We are made up of what we see, of the locations we inhabit, frequent or invent. While the current world contributes to convince us that all is finitude rather than open and plural potentials, the artists of the 35th issue of LA CHAMBRE BLANCHE’s Bulletins are aware that the spaces that surround us shape us and implement our poetic thought.
While staying in Quebec City, Paolo Angelosanto inhabits the residency in a modular fashion, approaching creation as a suite of connected vessels that leading him between performance, sculpture and installation. Armando García draws the momentum to act in other forms of bewitchment : the creation residency out of his native Mexico, the crossing of new environmental, political and social climates, and new emotional territories.
To shake the completeness of our narrowly focused world, we can try like Raphaëlle de Groot, to feel the weight of the objects that make up our world, collecting artifacts and gathering a sensitive inventory. An astonishing dialogue between the material and the immaterial also crosses Jonathan Villeneuve’s resonant installation produced at LA CHAMBRE BLANCHE.
We stand before the plurality of these proposals as we would in before a multitude of floating worlds bringing us to the confines of an imaginary boundary: disorientation and geographic reliefs, improbable and intimate mapping and a variegated inventory of artifacts.
So many micro-worlds pregnant with poetry, inviting us to revisit our view on reality.Cynthia Fecteau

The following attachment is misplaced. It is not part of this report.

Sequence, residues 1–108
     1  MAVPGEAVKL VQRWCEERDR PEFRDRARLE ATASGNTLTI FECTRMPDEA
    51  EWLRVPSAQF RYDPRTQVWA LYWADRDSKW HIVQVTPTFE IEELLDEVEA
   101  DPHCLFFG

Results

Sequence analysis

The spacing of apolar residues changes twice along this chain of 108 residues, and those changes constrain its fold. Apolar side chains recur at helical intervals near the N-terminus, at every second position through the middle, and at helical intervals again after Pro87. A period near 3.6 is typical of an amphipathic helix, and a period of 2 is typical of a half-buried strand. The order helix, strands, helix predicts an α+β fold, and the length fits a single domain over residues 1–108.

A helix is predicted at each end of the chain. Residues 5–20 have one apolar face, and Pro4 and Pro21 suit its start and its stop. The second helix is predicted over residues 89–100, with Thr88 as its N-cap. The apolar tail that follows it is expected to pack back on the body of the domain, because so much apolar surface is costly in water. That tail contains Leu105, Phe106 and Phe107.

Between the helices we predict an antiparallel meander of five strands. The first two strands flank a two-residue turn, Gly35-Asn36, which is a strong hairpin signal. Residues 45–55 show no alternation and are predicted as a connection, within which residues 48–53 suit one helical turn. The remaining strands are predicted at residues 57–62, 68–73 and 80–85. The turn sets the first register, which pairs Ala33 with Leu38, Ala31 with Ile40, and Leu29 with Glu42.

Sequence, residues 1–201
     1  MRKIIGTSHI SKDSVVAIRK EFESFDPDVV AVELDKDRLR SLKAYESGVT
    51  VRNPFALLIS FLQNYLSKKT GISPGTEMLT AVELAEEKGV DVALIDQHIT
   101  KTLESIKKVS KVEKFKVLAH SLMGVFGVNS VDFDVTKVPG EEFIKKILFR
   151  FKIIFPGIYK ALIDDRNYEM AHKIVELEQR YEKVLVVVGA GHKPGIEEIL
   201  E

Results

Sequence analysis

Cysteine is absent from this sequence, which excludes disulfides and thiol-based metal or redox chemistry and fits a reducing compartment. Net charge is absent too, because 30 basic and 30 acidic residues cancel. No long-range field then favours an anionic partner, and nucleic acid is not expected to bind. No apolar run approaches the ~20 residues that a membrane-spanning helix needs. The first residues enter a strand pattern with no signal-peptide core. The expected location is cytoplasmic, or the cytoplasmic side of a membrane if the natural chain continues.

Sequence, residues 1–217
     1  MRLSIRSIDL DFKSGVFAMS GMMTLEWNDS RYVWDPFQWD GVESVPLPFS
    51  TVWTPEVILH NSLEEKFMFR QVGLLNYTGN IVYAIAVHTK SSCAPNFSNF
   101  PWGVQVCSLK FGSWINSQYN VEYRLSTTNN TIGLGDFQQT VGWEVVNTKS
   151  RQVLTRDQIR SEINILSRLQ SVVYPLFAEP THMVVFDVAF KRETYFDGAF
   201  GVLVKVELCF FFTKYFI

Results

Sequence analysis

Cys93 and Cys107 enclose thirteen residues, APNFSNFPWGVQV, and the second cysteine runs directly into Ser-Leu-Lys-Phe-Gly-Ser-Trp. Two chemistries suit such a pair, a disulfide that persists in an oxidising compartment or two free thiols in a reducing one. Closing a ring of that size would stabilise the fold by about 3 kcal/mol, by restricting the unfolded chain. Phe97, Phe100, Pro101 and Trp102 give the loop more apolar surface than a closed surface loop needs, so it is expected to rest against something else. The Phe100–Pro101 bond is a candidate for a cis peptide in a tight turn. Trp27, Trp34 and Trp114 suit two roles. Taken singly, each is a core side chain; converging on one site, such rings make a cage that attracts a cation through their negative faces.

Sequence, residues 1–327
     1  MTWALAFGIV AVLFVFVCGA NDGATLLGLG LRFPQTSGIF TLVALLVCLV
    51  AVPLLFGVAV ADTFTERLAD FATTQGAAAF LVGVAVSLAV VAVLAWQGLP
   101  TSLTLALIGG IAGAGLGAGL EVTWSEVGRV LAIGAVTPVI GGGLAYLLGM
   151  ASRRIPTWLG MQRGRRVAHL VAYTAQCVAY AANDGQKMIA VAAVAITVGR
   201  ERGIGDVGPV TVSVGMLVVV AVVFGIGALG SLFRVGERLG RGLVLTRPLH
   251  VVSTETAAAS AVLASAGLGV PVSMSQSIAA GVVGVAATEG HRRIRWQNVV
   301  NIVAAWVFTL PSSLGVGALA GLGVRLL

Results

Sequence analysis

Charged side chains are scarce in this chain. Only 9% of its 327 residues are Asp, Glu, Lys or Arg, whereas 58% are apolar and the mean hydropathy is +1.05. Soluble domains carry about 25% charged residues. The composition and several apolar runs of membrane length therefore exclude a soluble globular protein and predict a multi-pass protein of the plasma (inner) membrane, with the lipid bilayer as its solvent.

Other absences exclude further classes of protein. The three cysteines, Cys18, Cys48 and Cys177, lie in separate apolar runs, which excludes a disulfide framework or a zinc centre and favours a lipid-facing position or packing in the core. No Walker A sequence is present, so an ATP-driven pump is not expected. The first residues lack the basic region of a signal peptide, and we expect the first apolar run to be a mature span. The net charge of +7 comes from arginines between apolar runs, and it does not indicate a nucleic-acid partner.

Food for Thoughts
Materiality in its essence and its sense are at the centre of the concerns of the three artists presented in this bulletin, who use it for purposes of symbolization. It is apparent in the effects of subtraction and transformation of the wood of John Cornu’s installation, who’s work at LA CHAMBRE BLANCHE took place in the carpentry workshop before taking form in the gallery. His works occupied two different spaces, in one of them a sculpture which conveys the contemporary idea of ruin and destruction and in the other, a tribute to sculptor Pierre Paquin who became blind and with whom he discusses and exchanges regularly. Author Emma-Charlotte Gobry-Laurencin broaches the work entitled Je tuerai le pianiste by posing the question, is the work: “an expression of the present, an answer to reality, a sample-document witnessing this showbiz society, or an indexed structure specific to our time?” The disappearance of the matter is also perceptible in the work of Sarla Voyer, the second artist in residency this fall. She reproduced her hometown, Quebec City, using glass objects picked in various locations. The exhibition photographs give the impression that there is almost no matter or a blurred matter blending in the context and that reveals the interior of a transparent world, creating an atmosphere of intimacy and fragility. In her text about this artist’s work, author Marie-Hélène Leblanc names ‘’Maison-mère’’ (Mother house) this impression of the mother impulse that is part of the artist’s quest and reflection. To complete this bulletin, we can see the emerging artist Stefane Perraud’s dreamlike universe that pores over the idea of human frailty. Eli Commins’s text expresses well the ambience in which the artist plunges us. He draws inspiration from Didi-Huberman’s book La survivance des lucioles. The artist invites us to observe a nocturnal world by unfolding in space a light sculpture representing a swarm of fireflies, whose illuminations conjure up for him an entire social group with its hopes, its fragility.Geneviève Gasse
In 2008-2009, themes seem to resound from one residency to the other although in very different spheres such as: music, displacement, traces and colours. Erick d’Orion first takes us in the confusing course of his Forêt d’Ifs, a sound and visual “hyperfluxienne” experience. The deafening location, visually frightening, falls more under the scope of a nightmare than reverie.
It is instead Mamoru Okuno’s sensitivity and refinement of gesture of that bends our ear to the simple music of our daily lives. Through relational rituals, the artist manipulates banal objects of everyday life on which he draws our attention to let us hear their language.